Will Boeing’s Plan to Turn Jet Engine Noise Into Electricity Work?

If that sounds crazy, that’s because it is.

Staff Sgt. Keri S. Whitehea/United States Air Force 

Public health officials have always been very concerned with mitigating the extremely loud noise produced by aircraft.

A turbo-fan aircraft taking off 200 feet away will produce noise at 118 decibels — past the human threshold for pain and damage from long-term exposure. A jet taking off just around 80 feet away can produce noise levels up to 150 decibels — which can rupture the eardrum. There’s a reason you see airport personnel on the runway wearing what are probably the biggest ear muffs available on the market.

Enter Boeing with an idea to do something useful with all that excess acoustic energy: Turn it into power for the people!

That’s the idea behind the company’s latest patent, which outlines a “method for generating electricity from acoustic energy from an aircraft on a runway.”


Boeing is no stranger to these kinds of insane theoretical blueprints. There was the patent for jet engines powered by nukes and lasers; the submarine drones; the force field to protect against explosions; and many more.

But back to the sound-absorbing power generators. Could they really work?

Not really. A 2011 explainer posted by the MIT School of Engineering tackled this question head-on, and the answer was less than optimistic.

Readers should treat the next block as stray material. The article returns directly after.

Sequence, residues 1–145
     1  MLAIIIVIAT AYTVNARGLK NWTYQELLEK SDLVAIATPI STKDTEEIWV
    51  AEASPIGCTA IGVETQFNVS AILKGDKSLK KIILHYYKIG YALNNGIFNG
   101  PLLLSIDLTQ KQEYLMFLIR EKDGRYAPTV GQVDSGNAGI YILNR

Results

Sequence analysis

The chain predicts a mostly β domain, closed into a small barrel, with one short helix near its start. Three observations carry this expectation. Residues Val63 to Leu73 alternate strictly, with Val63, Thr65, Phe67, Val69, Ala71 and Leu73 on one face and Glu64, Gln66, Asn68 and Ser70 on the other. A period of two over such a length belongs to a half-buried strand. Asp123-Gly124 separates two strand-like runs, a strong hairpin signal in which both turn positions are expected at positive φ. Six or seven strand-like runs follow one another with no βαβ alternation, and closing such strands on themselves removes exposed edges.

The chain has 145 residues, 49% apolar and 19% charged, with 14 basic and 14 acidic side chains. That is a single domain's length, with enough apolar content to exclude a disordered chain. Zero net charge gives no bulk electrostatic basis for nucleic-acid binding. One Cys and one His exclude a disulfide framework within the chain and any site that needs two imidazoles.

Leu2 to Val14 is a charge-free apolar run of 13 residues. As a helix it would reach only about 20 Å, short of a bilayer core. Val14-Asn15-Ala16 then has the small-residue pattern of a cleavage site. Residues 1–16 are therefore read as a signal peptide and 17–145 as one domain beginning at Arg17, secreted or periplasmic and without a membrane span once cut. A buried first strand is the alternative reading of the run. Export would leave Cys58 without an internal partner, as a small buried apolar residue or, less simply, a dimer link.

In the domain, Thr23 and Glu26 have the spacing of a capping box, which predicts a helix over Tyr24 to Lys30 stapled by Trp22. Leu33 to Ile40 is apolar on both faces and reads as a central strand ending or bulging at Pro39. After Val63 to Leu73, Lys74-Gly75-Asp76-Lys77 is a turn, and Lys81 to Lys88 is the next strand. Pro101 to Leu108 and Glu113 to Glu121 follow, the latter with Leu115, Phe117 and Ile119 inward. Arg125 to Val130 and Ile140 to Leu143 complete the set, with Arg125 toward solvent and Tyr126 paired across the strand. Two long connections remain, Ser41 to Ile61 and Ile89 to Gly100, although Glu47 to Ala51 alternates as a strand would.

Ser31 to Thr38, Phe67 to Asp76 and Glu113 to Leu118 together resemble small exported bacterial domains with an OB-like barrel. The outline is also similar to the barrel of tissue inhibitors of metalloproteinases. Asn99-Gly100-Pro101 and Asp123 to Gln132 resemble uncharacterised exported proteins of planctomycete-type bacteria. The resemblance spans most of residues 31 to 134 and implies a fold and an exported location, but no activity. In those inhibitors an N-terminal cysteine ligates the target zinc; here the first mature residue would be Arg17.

“There is definitely energy contained in that sound,’ says David Cohen-Tanugi, vice president of the MIT Energy Club and a John S. Hennessy Fellow in MIT’s Materials Science and Engineering department. “But the density of the energy is very low, and there is no way to capture it all. You’d have to have obscenely loud, continuous noise for harvesting to be worthwhile.”
“What the human ear perceives as clanging cacophony—the roar of a train engine or the whine of a pneumatic drill—only translates to about a hundredth of a watt per square meter. In contrast, the amount of sunlight hitting a given spot on the earth is about 680 watts per meter squared. “That’s many orders of magnitude more,” explains Cohen-Tanugi. “That’s why it’s more efficient to collect and store sunlight using solar panels than to harvest energy from sound. And the energy density in oil and gas is orders and orders of magnitude higher, making generating power from those sources even more cost effective.”

So basically, unless you had planes taking off consistently — like one after another without missing a beat — and the machines were sensitive enough to capture enough of that acoustic energy byproduct, this plan is way too inefficient to take off (pun totally intended).

There is one major thing to consider, however: High noise levels aren’t just bad for human health — the resulting vibrations can do a great deal of damage to surrounding structures (like roads, buildings, vehicles, etc.). Creating something that can help to significantly absorb that sound and limit the amount of force accumulated by that noise could go a long way toward preserving expensive infrastructure and objects for longer periods of time.

That, however, is a crazy Boeing patent for another day.